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Color Question

11/09/2013

Color accuracy is a major challenge for my camera, scanner, and monitor. The images for my pending review of Rohrer & Klingner Cassia are a good example of the argument between my electronic co-workers and me. The three of them think the ink is blue-purple where I perceive red-violet. They won’t listen to me and keep spitting out images that don’t match reality, that piece of paper on my desk with swatches of color. But there is the possibility that my crew is showing me something different from what you see. In other words, it is possible my three devices are blue-biased and yours is not? So which of the two sets is more accurate on your monitor?

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24 comments

  1. The bottom set/

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    • Thanks for the reply. That’s the set I adjusted. Does that mean that if I adjust my monitor to show the correct color, the images will be correct also? Yikes. This is over my head to be sure.

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  2. I think the first for me. Not quite as blue, but it’s closer than the second.

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    • Now I’m totally confused.

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      • I was just basing my comment on R&K because I don’t have Waterman Purple. In my actual (offline) swatch, Cassia really is a straight ahead purple without being too blue or red – so that is why I picked the first. Mine is also darker than your swatches, but I used a dip pen instead of swabbing.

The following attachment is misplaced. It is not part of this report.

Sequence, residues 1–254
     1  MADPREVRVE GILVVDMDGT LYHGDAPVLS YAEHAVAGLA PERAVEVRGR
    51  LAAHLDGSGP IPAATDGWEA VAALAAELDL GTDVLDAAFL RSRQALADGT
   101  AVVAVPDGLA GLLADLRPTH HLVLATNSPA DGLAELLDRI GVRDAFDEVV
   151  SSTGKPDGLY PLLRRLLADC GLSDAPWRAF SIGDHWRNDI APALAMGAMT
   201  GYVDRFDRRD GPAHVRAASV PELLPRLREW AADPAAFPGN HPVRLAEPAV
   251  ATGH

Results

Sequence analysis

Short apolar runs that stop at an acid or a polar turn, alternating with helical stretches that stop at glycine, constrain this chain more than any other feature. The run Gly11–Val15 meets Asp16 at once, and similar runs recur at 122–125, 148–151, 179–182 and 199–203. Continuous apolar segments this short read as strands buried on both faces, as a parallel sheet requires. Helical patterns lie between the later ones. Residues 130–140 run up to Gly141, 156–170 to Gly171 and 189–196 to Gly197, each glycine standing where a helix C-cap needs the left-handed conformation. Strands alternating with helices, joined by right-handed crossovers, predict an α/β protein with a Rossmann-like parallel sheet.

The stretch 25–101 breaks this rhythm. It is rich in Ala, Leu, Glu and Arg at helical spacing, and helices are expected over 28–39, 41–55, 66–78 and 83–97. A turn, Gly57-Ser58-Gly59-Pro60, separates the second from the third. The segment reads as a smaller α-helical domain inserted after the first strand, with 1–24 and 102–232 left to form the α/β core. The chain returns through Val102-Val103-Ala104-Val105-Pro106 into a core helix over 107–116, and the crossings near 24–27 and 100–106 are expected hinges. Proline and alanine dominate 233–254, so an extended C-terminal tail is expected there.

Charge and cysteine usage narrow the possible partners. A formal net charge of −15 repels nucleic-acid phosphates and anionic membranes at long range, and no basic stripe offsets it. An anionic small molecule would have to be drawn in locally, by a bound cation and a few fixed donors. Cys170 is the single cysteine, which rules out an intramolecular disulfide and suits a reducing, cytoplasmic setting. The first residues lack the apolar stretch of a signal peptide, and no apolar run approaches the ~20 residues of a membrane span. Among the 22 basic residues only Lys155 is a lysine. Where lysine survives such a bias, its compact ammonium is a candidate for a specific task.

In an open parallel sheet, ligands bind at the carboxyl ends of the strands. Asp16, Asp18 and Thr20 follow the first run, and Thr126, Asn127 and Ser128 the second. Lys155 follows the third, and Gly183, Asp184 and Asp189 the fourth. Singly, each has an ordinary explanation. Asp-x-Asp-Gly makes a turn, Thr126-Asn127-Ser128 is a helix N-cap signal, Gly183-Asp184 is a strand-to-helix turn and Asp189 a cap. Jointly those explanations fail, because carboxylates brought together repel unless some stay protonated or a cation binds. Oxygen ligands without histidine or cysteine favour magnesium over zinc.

Sorry to confuse you! I think really everyone’s screen will probably be different, so just do the best you can to get it close to the color on your paper.

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  3. The bottom set is VERY red-violet. But the top set is not blue-violet. It looks neutral violet to me.

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  4. I only have Waterman Purple. It looks closer to your first one on my MacBook Air 11″ – I will drag out this ink and experiment. I assume the paper you are using is Rhodia?

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    • Yes, it’s Rhodia. Did the lines give it away? 😉

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  5. I am looking at my personal sample of Waterman purple on Rhodia paper. It definitely has red and blue components. That is why I said that the bottom sample is closer. What I would do is to take a picture of your samples. White balance the camera first using a blank white sheet of paper as a reference. Then, compare the photo on the monitor with your scans on the same monitor.

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    • That’s a good suggestion. Will do it tomorrow.

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  6. Definitely first one, but a little bit pinkier in reality… Not second one, too much red for them…